Abu Dhabi and Dubai are both friendly competitors and partners, working together towards a bright future.
Tale of two cities proves strength of the Emirates
The UAE was built on the spirit of unity – the coming together of seven emirates for mutual benefit – and close economic cooperation, especially between the two biggest emirates, is integral to that. However, in a frank speech at the UAE Economic Outlook conference on Monday, minister of economy Sultan Al Mansouri said that there had been a lack of coordination between Abu Dhabi and Dubai in the lead-up to the world financial crisis of 2007-2008. And, he added, “look what happened”.
Mr Al Mansouri stressed that lessons had been learnt after the global crash, which saw Abu Dhabi extend financial aid to its neighbour after a construction boom ran into trouble. The property bubble burst, but the emirates, together, picked up the pieces and moved forward. There are, as Mr Al Mansouri pointed out, very positive signs that the recovery is continuing apace.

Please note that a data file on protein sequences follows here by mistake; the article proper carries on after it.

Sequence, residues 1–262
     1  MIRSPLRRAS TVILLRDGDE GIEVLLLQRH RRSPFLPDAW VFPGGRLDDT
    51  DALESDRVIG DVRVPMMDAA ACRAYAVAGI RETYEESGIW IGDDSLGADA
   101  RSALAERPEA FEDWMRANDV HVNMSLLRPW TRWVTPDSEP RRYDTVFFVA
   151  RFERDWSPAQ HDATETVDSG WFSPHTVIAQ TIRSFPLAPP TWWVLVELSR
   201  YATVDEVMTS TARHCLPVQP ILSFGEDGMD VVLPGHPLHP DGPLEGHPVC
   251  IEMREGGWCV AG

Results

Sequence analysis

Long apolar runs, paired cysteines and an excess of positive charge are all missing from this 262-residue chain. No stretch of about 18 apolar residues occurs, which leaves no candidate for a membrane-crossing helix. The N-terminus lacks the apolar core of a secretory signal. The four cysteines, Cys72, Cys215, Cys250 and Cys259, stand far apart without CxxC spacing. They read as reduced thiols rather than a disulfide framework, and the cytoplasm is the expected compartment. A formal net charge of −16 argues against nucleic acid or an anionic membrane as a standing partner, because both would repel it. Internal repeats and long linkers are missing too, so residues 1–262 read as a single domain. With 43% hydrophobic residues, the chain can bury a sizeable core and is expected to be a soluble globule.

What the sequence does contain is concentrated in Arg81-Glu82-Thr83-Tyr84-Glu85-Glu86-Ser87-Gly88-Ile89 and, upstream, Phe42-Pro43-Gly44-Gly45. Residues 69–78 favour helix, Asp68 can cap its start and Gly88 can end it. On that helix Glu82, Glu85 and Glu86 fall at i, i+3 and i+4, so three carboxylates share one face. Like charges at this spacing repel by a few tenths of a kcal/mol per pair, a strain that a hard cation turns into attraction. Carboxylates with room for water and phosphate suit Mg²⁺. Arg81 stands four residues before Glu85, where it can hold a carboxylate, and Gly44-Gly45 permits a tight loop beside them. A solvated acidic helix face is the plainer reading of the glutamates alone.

While there certainly is some friendly competition between Abu Dhabi and Dubai, cooperation is quietly going on behind the scenes at all levels. Recent examples vary from an arrangement between tourism authorities to promote the two cities as cruise ship destinations and a sea-traffic separation campaign to facilitate movement between ports, to the merger of the two emirates’ aluminium smelters and an agreement to unify the licensing of medical practitioners. Just this week, the Abu Dhabi Government-owned International Petroleum Investment Company said it would sponsor the $1 million Al Quoz Sprint at the Dubai World Cup, the world’s most valuable horse-racing meeting.
The two sprawling cities are also getting closer together in a tangible sense, and moving between them has never been easier. Adding to the many thousands of trips made each day between the emirates by private car, bus and taxi, there will be high-speed rail link, due to open for freight operations in 2017 with passenger services to follow.
Together, Abu Dhabi and Dubai are a formidable partnership: Abu Dhabi, with its vast oil wealth, provides the stability and financial nous, while Dubai provides the entrepreneurial spirit and big ideas that help draw so many people – tourists, jobseekers and investors alike – to the UAE. As long as they progress with the caution that Mr Al Mansouri has identified, and continue to support and complement each other, it will serve the nation well.